Tuesday, April 18, 2017

State housing agency approves tax credits for housing projects

A “big piece” of the funding for a renovation project in the Woolson Block in Springfield was approved by the Vermont Housing Finance Agency (VHFA) Board of Commissioners on Monday.

ww.eagletimes.com

www.vnews.com

16 comments :

  1. So what will be different? Now the apartments will be brand new, same clientele. How about nice apartments that would attract working people who contribute. I wouldn't want to rent space for a business having the same types of people living above. Business as usual in Springfield, we have too much low income housing.

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    1. Life in Springfield just goes from bad to worse. Meanwhile subsidize housing owners line their pockets foisting the scum of the Earth upon tax paying, property owners. Keep in mind the Woolson Block is tax exempt! That means the burden its low life residents place upon community services is bank rolled by you and me. I hate every thing about this place!

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    2. Springfield Housing runs a pretty tight ship on leasees.

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    3. The subsidized housing in town IS NOT tax exempt.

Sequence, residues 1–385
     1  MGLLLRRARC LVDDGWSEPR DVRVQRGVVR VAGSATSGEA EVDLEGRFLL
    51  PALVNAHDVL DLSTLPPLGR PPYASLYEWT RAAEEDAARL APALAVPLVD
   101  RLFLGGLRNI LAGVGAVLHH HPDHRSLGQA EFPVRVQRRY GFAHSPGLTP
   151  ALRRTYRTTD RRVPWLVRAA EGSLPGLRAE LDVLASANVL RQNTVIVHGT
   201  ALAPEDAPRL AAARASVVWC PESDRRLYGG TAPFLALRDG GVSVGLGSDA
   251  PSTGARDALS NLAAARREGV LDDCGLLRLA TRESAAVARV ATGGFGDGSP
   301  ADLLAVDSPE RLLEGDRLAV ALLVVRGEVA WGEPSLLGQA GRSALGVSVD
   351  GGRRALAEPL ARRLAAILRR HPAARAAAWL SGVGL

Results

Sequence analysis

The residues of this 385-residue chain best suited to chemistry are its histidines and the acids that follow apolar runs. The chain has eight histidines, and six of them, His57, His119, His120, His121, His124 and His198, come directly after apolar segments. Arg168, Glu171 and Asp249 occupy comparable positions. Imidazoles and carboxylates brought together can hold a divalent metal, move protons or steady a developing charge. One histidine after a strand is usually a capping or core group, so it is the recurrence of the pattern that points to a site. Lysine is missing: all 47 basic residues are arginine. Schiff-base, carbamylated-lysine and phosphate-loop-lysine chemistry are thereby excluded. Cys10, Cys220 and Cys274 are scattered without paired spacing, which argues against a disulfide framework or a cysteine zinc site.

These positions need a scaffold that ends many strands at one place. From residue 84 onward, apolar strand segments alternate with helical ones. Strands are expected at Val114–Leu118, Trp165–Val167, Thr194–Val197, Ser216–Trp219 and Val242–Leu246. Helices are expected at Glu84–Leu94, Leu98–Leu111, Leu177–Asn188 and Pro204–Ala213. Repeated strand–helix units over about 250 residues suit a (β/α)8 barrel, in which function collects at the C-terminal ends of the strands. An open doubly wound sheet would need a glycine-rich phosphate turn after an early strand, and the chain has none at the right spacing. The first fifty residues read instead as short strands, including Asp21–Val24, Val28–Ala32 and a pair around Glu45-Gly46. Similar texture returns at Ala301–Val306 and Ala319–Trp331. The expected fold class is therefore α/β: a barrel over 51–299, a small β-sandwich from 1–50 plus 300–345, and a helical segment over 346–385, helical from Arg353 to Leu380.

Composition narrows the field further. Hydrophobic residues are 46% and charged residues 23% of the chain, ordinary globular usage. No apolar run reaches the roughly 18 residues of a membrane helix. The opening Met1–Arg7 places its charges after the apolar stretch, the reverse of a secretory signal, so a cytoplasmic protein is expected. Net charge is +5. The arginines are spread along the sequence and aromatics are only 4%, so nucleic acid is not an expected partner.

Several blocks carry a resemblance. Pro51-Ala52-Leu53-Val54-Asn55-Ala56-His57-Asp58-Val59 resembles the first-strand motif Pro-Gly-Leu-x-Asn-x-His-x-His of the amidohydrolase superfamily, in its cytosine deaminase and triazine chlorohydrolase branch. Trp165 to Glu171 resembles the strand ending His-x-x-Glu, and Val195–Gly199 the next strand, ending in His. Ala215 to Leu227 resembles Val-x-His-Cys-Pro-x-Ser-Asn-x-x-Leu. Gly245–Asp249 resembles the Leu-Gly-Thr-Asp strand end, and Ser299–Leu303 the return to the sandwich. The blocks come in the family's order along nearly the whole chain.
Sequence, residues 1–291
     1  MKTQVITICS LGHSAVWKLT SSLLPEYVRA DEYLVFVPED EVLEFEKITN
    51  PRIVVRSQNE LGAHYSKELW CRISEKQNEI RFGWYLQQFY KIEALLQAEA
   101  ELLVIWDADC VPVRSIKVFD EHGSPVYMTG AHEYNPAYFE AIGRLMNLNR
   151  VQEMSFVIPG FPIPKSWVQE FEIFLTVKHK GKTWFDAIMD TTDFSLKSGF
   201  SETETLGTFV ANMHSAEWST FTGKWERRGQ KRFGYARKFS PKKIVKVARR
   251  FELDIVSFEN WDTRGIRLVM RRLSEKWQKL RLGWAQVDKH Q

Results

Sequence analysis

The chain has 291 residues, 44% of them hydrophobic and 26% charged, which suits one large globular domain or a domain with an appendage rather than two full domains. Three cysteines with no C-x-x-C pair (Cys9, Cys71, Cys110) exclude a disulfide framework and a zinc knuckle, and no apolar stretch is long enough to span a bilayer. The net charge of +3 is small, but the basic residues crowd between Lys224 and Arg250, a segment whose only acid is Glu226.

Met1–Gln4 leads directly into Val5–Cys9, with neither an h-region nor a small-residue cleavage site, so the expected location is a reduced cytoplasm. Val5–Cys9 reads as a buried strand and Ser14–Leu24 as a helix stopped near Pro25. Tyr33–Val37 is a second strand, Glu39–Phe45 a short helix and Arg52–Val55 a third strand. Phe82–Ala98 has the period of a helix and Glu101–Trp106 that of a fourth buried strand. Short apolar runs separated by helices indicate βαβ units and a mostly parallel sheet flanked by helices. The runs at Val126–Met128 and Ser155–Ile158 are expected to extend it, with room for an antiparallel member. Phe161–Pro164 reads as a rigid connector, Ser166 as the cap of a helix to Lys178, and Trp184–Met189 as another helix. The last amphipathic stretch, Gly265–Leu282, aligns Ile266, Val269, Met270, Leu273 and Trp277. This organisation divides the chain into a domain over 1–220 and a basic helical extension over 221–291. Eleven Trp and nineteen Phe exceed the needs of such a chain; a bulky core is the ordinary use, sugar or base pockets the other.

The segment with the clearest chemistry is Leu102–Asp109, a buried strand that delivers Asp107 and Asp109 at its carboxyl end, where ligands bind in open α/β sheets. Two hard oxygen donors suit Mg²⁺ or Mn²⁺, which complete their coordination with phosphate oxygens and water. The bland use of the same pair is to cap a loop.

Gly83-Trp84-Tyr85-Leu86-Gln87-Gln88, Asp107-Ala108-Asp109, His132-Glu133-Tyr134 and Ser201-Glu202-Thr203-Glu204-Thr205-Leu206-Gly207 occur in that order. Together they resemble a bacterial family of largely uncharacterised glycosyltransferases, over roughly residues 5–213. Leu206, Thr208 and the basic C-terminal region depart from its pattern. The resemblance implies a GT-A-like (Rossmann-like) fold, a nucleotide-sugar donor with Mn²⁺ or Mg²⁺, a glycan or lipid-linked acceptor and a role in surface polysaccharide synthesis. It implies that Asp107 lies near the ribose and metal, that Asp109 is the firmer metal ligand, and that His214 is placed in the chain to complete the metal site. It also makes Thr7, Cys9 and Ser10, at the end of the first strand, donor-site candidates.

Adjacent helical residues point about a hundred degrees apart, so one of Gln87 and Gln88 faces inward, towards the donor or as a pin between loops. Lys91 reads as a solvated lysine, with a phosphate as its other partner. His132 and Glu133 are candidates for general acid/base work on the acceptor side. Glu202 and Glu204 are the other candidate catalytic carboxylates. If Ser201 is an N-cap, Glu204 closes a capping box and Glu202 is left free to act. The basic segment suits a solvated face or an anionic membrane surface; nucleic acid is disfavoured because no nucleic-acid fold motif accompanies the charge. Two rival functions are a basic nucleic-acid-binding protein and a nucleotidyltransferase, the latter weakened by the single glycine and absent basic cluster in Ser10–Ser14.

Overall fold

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  2. "If you build it they will come." A town being reconstructed for the on-the-dole industry.

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  3. Amen 11:41 AM! I have commented repeatedly on this forum for months that we don't need any more public housing in the Square. I agree with you entirely that this latest "plan" is not going to attract the type of people we want in downtown Springfield. However, the powers that be in Springfield don't give a you-know-what about what local homeowners/voters want. What is it going to take to get Springfield voters to vote for leaders who will effect a positive change?

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  4. chuck gregory4/19/17, 4:52 PM

    I suggested that the Youth In Transition people be taken under the wing of the neighborhood organizations to get connected with the real life of Springfield. They'd find out what makes a neighborhood, what families need and want, how much people need and appreciate what they're doing and how valuable they are to others. A very good "welcome to the world of adulthood" for young people who have little idea of what it's supposed to be like.

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  5. Reward = tax money

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  6. Great idea! Why haven't you stepped up to fund such a project? Right. Nobody wants to invest that kind of money into restoring the grand old downtown buildings. This was the best way to achieve restoration. My understanding is that with the housing authority involved there are rules, and if not followed tenants can more easily get the boot. So it won't be as before. Hopefully!

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  7. Will the building become handicap accessible?

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  8. So many negative people. Look at the movie theatre building. It's clean with no loitering. That's what they will do to the Woolson Block! Either get on board with improving the town or go somewhere else and be negative and drag some other town down.